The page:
On the Care and Feeding of Your Chicken-Leg Hut
by Rebecca Buchanan
First, a warning:
a chicken-leg hut
can be a temperamental residence,
given to bouts of wanderlust
through ancient forest and modern city alike,
only to suddenly curl up and settle down
in the middle of a sunny meadow
or the middle of a busy intersection.
(Traffic will have to be diverted,
and, when the hut finally decides to move on,
it will leave a mess of pigeon skulls and sticky feathers.)
Second, a warning:
yes, you will be feared and admired,
sought out for your wisdom and power,
but there is a cost.
There is always a cost.
If you are willing to pay it,
this is what you must do:
Find a nest.
This will be a tangle
of bones and gristle and evergreens.
because the eggs will be listening.
Choose an egg. Will it be
polished black and shimmering,
or the blue of summer twilight,
or crimson like a proud rooster’s crown?
Whisper to the egg,
promising to care for it always.
(And remember, a promise made
must be a promise kept.)
Feed the egg your dreams and hopes,
your vitality and youth.
Carve a walking stick
from the bones and evergreens
while you wait.
When the egg finally hatches
the chicken-leg hut will be small,
small enough to curl against your chest
and suckle on your withered breasts.
As it grows, feed it moondogs and infant snakes,
winter shadows and the murmurings of birch trees.
And when it is strong enough,
take up your walking stick
and carve the name
above the front door.
Will it be a name to provoke fear?
Arouse admiration? Or instill determination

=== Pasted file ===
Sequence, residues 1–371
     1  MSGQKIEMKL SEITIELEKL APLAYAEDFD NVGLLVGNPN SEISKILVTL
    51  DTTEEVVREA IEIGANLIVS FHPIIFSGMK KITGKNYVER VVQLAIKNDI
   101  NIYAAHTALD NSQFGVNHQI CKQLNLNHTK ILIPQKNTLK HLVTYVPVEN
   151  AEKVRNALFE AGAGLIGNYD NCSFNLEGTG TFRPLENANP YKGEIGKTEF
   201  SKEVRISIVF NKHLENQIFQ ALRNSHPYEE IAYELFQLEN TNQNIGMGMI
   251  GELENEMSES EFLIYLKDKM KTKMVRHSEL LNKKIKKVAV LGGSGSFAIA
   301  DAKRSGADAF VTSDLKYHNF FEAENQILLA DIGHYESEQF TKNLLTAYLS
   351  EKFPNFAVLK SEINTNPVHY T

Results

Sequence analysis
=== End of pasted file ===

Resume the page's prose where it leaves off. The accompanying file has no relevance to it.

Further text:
in those foolish princes and beautiful maidens?
Walk through the door.
Steady yourself as the chicken-leg hut
rises to its feet, claws scratching at the earth.
Whisper a soothing word or two
and give it a comforting pat
as the hut takes its first steps.
Let it wander as it will,
through storm and under sun,
across mountains and cities.
Continue to feed it.
Your youth and milk will be gone,
so lure new mothers as needed
with promises of peace and quiet.
(Promises made and kept.)
Hang their skulls from the eaves.
Treat your hut to the occasional
foolish prince or beautiful maiden
to its claws sharp
and its windows gleaming.
Befriend the ravens
that roost on the roof,
for they see and hear much,
and have secrets to share.
Do not allow the fire
in the hearth to die out,
because even a chicken-leg hut
will get cold in the winter.
You may decide,
as the whim suits you,
to aid those foolish princes
and beautiful maidens
instead of feeding them
to your chicken-leg hut.
Be sure that it is asleep
when you let them go,
and that you have a ready meal
in their place.
(The hut may still be annoyed with you
for awhile. You will not need the ravens
to tell you that.)
As you wander,
collect knick knacks
to brighten the shelves and walls
of your chicken-leg hut:
dragonflies in spiders’ webs,
storm clouds and winter’s last frost,
birch bark covered in secret writings,
and tiny wooden dolls.
And when it comes time
to pay the cost,
find a grove of evergreens.
Walk out through that door,
pass beneath the name
that you carved so long ago.
Cast aside your walking stick.
The hut will make a nest
of your bones and gristle,
and there lay its eggs,
polished black and shimmering,
and the blue of summer twilight,
and crimson like a proud rooster’s crown.
Rebecca Buchanan is the editor of the Pagan literary ezine, Eternal Haunted Summer, and a regular contributor to ev0ke: witchcraft*paganism*lifestyle. She has released several short story and poetry collections, with more on the way. A complete list of her publications can be found on Eternal Haunted Summer.